Criminal Justice Reform

Don’t blame capitalism for the woes of our prison system (April 21, 2018)

Kevin Landers’ Coastal Voices piece editorial about our failed criminal justice system (“Hawaii Democrats Have Failed Criminal Justice Reform.”) made some useful points. However, the piece was undermined by the comments about the brutality of “capitalism.” Mr. Landers’ organization styles itself the Democratic Socialists of Honolulu. Although our record on human rights may have much to criticize, I don’t think Americans should be taking instruction from socialists.

Razor wire at the Oahu Community Correctional Center. Cory Lum/Civil Beat

Anyone familiar with the history of the last century knows about the brutality of regimes such as the Union of Soviet Socialist Republics or the Peoples Republic of China.  I can’t think of any country that attempted to replace “capitalism” with “socialism” that did not become a brutal dictatorship

In our country the term “socialism” is growing in popularity while we hear more nasty references to the word “capitalism.” It seems that the left in this country has drifted from the liberalism of John Kennedy to the progressivism of Barack Obama to overt Marxism. More rational people need to stand up and oppose this new Marxist socialism. Free countries and free markets go hand in hand.

— Tracy Ryan, Chair, Libertarian Party of Hawaii, Honolulu

The Price Of Rail

The project comes with costs no one is talking about (April 21, 2018)

I am very concerned about the cost of operating the system (“How Will Honolulu Pay To Run Rail Once It’s Built? The City Still Doesn’t Know”). Back in 1992 when I was active in the anti-Fasi rail, we had estimates that the true costs per rider were about 10 times the standard bus fare. At a meeting with my professional organization two years ago, HART was telling us they expected “fare box revenues” to cover 40 percent of the operating costs. I believe this to be a sham for at least two reasons.

First, I expect that they are assuming that middle to long-term maintenance will be handled by bond floats rather than through revenues. What happens, for instance, if the software begins to fail 10 years after operations begin? Will there be techs capable of fixing 10-year-old software or will new software be needed? Will the new software require changes to the hardware? Second, who will be covering some of the maintenance costs associated with the system?

I called TheBus to report leaking roofs over a pair of benches at a nearby bus stop. I was redirected to the city. Who paid for the concrete traffic lanes on Kapiolani Boulevard — TheBus or the Department of Transportation? In other words, I strongly suspect that costs such as security at the train stations will be off-loaded to the county through added costs to the police department. Who will control the homeless people who will almost certainly use the seating and shelter at the stations?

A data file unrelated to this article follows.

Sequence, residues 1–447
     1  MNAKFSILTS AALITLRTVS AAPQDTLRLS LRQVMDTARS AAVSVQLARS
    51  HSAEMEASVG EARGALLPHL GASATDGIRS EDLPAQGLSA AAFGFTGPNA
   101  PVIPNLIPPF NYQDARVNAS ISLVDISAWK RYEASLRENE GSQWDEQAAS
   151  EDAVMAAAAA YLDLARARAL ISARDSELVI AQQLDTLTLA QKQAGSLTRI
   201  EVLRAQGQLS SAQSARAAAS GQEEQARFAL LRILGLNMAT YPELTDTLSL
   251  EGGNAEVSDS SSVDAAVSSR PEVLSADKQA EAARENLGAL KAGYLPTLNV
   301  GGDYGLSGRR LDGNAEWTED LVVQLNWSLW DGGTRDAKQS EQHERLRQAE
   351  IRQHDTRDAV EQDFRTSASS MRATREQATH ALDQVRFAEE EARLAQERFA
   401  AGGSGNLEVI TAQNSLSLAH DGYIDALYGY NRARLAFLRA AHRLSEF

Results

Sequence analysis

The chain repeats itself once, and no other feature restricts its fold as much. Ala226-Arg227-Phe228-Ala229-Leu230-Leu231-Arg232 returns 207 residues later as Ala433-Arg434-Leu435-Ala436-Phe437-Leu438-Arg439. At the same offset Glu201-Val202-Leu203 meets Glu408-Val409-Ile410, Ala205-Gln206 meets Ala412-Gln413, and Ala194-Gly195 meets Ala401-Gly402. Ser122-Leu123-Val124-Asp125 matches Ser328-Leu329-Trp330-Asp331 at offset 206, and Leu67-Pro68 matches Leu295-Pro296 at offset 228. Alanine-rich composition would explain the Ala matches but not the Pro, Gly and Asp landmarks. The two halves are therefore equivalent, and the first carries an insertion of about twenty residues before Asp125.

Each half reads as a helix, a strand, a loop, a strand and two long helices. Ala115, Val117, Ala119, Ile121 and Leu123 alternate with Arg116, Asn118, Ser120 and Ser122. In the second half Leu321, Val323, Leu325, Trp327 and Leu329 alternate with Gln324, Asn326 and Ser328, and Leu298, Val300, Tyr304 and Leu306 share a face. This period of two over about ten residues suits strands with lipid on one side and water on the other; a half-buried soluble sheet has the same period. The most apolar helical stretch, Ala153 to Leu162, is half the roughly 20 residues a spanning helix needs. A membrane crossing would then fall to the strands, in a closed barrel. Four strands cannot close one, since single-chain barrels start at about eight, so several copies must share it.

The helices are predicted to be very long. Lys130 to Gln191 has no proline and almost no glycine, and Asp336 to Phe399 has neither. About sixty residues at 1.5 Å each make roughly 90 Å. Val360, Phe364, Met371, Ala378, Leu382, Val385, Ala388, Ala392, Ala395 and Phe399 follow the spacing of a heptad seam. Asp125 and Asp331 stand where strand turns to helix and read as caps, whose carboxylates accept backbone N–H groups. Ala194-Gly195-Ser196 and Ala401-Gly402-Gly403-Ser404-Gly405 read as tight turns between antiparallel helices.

— Andrew Rothstein

Younger Voters

About those 16- and 17-year-olds (April 21, 2018)

I find this article (“Lowering The Voting Age Should Be Our Next Great Cause”) timely and thought provoking, as I had just sent letters to the editor to several Hawaii newspapers about a preregistration program that Hawaii and 12 others states and the District of Columbia have.

Its purpose, reaching out to 16- and 17-year-olds, is to engage, educate and promote active participation by our youth in civil matters.

Perhaps it is time to remove the “pre” from registration?

Just a thought.

— Julianne Perry Lee, Makawao

Trailer Parks Are Not the Answer

Permanent housing is the only way to bring the homeless back into society (April 23, 2018)

News of “Oahu’s first trailer park” is troubling (“Oahu’s First Trailer Park Just The Latest In New Wave Of Public Housing”) Yes, Hawaii’s housing market is critically underdeveloped and options for housing are slim even without trying to house the homeless. But while these temporary shelters may seem innocuous, and even helpful, they are a bad investment.

Placing a vulnerable population in a separate makeshift area only ostracizes them further from the community. This completely neglects the purpose of Housing First. Providing housing is supposed to be a way to allow formerly homeless individuals and families to adopt new cultural norms, find satisfaction, and improve willingness to utilize health services — all outcomes that are only possible with permanent housing. Instead of taking a well-calculated risk to create opportunities for stable living conditions, we waste housing development money by funding ineffective side projects.

I do not believe that “trailer parks” are the best our state can do. If we continue to ignore the source of the problem, not only are we incurring a financial burden by absorbing the public cost of homelessness, but we are also sending a message that Hawaii, a place praised for its aloha spirit, does not care about its people.

Charissa Tan, Honolulu

Write a letter to Civil Beat. Send to and put Letter in the subject line. 200 words max. You need to use your name and city and include a contact phone for verification purposes. The opinions and information expressed in letters are solely those of the authors and not Civil Beat.